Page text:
As the utilization of medical assistants—especially CMAs (AAMA)—within the American health care delivery system continues to increase and diversify, different types of questions regarding permissible scope of practice are being directed to the American Association of Medical Assistants. Here are examples of this “new wave” of scope of practice questions and the answers.

Are medical assistants permitted to accept verbal orders from the delegating physician?

Medical assistants are permitted to receive and execute orders from the overseeing, delegating, or supervising physician(s) as long as such orders do not require the medical assistant to exercise independent professional judgment in the execution of the orders, or to make clinical assessments or evaluations.

Are physicians allowed to delegate patient education to medical assistants?

Physicians are allowed to delegate patient education to competent and knowledgeable medical assistants as long as the content of such education has been approved by the delegating physician, and the patient education process does not require the medical assistant to make any interpretive judgments or answer any questions from the patient or patient representative that require a diagnosis, assessment, or evaluation. Medical assistants should not go beyond the patient education information that has been approved by the physician.

Are medical assistants permitted to call in prescription refills or new prescriptions?

In most states medical assistants are permitted to transmit (by telephonic, electronic, or other means) verbatim the physician’s orders for new prescriptions or refills. Such transmission must be verbatim, and must not require the medical assistant to make interpretive judgments about the prescription before transmission.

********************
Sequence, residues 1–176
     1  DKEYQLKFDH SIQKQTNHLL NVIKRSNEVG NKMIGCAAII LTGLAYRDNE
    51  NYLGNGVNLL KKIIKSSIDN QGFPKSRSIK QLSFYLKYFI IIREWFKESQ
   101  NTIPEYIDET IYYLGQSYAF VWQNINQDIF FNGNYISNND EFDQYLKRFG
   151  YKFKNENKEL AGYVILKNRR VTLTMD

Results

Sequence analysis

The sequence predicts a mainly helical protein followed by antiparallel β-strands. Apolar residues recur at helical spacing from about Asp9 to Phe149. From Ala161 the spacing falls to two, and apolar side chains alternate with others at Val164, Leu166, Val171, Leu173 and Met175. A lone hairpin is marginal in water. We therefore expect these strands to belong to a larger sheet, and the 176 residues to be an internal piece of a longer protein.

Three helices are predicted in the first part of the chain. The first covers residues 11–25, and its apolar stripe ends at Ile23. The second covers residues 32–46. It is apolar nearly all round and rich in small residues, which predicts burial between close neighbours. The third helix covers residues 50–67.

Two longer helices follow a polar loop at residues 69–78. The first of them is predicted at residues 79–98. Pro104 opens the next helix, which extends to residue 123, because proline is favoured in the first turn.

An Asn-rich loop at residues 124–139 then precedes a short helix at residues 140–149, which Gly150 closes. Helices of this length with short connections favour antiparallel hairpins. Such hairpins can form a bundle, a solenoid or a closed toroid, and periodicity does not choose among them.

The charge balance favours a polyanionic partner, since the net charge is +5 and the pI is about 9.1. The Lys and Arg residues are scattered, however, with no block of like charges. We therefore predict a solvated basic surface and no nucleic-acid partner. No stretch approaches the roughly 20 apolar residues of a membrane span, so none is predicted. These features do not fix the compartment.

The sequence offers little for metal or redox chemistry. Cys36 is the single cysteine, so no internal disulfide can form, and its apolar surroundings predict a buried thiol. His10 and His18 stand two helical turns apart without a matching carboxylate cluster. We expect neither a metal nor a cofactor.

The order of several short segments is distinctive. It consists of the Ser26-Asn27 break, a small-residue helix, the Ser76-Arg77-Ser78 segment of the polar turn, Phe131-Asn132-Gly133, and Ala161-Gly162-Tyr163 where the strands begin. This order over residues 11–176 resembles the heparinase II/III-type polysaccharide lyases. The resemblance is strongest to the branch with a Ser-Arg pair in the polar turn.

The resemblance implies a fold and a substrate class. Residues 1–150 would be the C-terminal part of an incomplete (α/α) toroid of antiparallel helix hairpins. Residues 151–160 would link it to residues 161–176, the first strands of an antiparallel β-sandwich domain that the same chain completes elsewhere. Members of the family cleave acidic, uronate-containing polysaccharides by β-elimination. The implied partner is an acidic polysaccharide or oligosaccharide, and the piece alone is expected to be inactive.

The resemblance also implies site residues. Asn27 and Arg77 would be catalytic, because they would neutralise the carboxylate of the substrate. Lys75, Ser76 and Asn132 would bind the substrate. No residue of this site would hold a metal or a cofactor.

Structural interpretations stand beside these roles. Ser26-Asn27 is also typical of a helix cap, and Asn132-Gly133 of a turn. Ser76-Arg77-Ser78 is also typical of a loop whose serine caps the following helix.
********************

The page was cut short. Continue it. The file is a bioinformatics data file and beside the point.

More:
Is it legal for medical assistants to sign prescriptions on behalf of the physician?

It is not legal for medical assistants to sign, authorize, or approve prescription orders on behalf of the physician. Medical assistants may draft scripts and forward them to the overseeing physician for the physician’s review, approval, and signature. They must not transmit prescriptions until the physician has reviewed, approved, and executed the prescription order.

Are medical assistants permitted to triage patients?

In order to answer this question correctly, it is essential that terms be precisely defined and thoroughly understood. In interacting with patients or their representatives—by telephone or in person—medical assistants are allowed to convey verbatim physician-approved information and directions without exercising independent professional judgment or making clinical assessments or evaluations. This communication process is frequently called screening. Communication that does require the health professional to exercise independent judgment or to make clinical assessments or evaluations is frequently called triage. The general legal principle is that physicians are allowed to delegate screening, but not triage, to competent and knowledgeable medical assistants working under their direct supervision in outpatient settings.

It is likely that medical assisting scope of practice questions will increase in complexity and urgency. Feel free to direct such questions to Executive Director Balasa at dbalasa@aama-ntl.org.